When Joanns has a sale, you buy 24 yards of grey cotton flannel.
Yeah, that happened.
Hello lovely people.
You know when you are sitting at your computer at 2 in the morning and you go on a site that you really don't need to buy anything, and they just happen to have a super good sale going on, so you look across your office and see that, "Gee, I could make new curtains for my pony wall."
Yes, I have a My Little Pony wall.
So... you buy $70 worth of cotton flannel and spend a day and a half making those curtains?
My brain has sort of shut off for the last half of the year. Doing anything complicated with sewing, while I work full time at my normal job has been so much. But I love sewing, so straight lines are about all I can handle right now (I know). I get to zone out and just concentrate on a crisp seam. That's all I can do right now in my life and I feel at peace with that :) I will get up the gumption to get into more complicated stuff, rest assured.
When I moved into my new place in January (home tour coming up I swear), I DIYed this pony wall for my collection. I love it, and I hung my white curtains from my old place because there really was no need for me to take the time and spend the money to make any new ones.
That is until a sewing site had a stupid good sale.
I should also say all the curtains in my place I made, and for some reason I used cotton flannel. So why not continue that theme?
The width of the fabric was 44". I remeasured the length of the panels that I'd need for the pony wall and decided to brave it and have them kiss the carpet. It was 94" exactly, so I shaved an inch off that length because we all know that exactness in sewing can create a terrible mistake. I cut a total of 6 panels with two sets sewn together.
I technically needed about 18 yards of fabric for this project. Not 24, but they would only sell in bolts after a certain amount, so instead of the 20 that I planned, I had to get 24. Three bolts. Three bolts of 100% cotton flannel for $72. I am VERY okay with that!
This was mostly a cut and overlock type of project and did most of it while I watched the remake of Candyman for the first time. I LOVE horror movies, and I can talk about my thoughts on it if you you want :)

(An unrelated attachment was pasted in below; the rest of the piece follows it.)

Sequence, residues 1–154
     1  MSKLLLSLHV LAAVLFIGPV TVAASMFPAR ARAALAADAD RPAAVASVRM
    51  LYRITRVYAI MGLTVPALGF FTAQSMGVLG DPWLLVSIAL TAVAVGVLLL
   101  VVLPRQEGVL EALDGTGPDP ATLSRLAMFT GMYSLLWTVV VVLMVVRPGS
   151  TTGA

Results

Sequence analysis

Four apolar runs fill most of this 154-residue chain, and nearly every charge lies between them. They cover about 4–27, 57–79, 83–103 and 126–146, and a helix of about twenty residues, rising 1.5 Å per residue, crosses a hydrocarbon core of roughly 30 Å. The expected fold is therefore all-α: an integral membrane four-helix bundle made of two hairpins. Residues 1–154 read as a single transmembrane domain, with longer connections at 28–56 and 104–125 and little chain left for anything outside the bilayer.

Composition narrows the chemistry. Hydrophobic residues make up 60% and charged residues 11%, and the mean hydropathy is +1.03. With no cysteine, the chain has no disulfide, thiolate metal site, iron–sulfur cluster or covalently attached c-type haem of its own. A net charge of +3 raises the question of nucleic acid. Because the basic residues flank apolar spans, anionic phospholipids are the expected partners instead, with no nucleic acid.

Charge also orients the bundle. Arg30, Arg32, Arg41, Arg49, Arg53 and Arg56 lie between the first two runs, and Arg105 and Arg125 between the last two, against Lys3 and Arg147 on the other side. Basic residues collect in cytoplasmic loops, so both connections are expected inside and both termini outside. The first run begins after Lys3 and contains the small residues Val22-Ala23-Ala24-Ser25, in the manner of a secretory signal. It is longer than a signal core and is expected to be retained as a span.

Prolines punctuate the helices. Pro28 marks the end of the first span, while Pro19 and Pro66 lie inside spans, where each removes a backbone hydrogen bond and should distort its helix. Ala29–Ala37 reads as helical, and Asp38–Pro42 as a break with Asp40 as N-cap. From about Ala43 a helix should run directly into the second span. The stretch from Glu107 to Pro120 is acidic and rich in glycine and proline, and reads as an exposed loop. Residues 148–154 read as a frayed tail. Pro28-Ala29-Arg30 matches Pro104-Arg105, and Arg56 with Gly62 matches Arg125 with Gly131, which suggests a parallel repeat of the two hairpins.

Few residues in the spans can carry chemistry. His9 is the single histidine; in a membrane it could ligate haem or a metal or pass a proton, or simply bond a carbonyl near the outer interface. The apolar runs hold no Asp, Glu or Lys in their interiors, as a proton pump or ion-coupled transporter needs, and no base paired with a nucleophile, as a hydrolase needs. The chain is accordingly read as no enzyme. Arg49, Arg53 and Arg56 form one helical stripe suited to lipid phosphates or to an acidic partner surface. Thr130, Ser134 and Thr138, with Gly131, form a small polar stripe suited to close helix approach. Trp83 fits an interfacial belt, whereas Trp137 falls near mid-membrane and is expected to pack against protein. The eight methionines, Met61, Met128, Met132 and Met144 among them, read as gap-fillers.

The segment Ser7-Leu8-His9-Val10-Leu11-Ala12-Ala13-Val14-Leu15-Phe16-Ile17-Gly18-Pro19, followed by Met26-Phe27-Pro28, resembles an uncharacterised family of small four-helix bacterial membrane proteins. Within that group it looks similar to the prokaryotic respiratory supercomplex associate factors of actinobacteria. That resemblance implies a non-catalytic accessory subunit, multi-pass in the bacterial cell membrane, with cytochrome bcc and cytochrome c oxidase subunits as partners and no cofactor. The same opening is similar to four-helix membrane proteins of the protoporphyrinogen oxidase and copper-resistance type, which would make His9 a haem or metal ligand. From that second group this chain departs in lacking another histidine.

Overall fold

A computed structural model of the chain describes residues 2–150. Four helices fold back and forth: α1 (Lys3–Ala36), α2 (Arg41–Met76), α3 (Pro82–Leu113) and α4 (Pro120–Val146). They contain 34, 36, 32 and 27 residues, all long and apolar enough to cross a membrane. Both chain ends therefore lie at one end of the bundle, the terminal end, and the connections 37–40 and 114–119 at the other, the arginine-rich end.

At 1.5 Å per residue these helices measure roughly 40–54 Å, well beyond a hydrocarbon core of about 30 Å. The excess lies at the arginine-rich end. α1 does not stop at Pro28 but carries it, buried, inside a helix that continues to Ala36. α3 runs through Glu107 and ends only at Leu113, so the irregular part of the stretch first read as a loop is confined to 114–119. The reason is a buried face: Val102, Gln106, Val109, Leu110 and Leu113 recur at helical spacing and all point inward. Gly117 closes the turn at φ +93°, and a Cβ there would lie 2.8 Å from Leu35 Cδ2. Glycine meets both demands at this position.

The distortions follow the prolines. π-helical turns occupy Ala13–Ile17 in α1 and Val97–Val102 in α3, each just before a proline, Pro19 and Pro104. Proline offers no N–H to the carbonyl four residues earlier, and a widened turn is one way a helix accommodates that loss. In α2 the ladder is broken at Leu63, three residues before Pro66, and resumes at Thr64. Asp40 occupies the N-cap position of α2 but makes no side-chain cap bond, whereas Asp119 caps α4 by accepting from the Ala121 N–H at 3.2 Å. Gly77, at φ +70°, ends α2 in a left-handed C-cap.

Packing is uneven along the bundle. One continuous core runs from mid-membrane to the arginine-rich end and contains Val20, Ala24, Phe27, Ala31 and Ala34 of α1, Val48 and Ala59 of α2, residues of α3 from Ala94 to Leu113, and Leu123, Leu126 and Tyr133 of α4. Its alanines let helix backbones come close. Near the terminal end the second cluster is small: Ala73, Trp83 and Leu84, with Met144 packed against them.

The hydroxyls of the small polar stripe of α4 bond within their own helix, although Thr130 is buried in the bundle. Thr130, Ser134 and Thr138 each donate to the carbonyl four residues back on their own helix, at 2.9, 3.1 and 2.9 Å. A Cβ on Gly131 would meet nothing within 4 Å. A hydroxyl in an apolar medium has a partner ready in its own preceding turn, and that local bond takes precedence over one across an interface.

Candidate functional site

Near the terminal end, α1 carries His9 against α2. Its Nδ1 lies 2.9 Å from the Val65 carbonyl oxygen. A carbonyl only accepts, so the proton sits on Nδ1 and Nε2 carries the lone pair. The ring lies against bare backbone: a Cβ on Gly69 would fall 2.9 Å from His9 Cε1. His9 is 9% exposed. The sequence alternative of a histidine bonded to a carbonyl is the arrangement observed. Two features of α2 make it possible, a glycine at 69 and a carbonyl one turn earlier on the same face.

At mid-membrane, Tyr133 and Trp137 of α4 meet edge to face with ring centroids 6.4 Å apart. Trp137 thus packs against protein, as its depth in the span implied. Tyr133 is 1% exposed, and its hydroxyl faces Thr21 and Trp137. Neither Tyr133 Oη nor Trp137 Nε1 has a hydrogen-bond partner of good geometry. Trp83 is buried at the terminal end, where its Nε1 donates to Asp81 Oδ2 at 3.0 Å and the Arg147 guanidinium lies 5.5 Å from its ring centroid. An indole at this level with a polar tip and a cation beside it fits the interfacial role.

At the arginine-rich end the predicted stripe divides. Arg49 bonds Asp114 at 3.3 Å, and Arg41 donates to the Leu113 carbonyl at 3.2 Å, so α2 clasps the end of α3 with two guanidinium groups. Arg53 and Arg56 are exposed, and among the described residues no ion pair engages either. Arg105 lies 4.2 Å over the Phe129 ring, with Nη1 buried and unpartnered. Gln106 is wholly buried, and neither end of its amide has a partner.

The curtain rod system that hangs from the ceiling is just hooks on a rail, but I have to create something for the hooks to rest in that will also have the panels keep their shame. I did a reinforced strip of the same flannel and just left a gap 7" apart. Worked great.
I will say, I didn't oversew as much as I normally do, that is, until it got to the pleated top that I decided to do at the last minute. I nearly got out my ruffler, but I didn't want a seam, so I tacked each pleat down to the cotton tape and now they look like unironed box pleats. I put loops at about 7" apart then simply thumb tacked the pleated panel into the ceiling. Didn't think the tacks would work, but it came out perfect.
As many of you all know, I can be lazy when it comes to ironing curtains, and as with these, I didn't iron anything except the center seams on two double width panels. Wrinkles galore. Ironing panels this large is a pain, and I would use my steamer, but I don't feel like removing all my ponies just in case. Instead I took some liquid fabric softener I never use (I'm a white vinegar household) and water and made a fabric releaser. I'm sure over the next week or so more wrinkles will soften more and the drape will look fine.
Below you can see the forward panel is after the fabric releaser.
As I was finishing everything up, I decided to remove the two smaller panels and just stick with the 4 panels sewn at the center seam. It's not as full, but with the ruffle at the top, it works.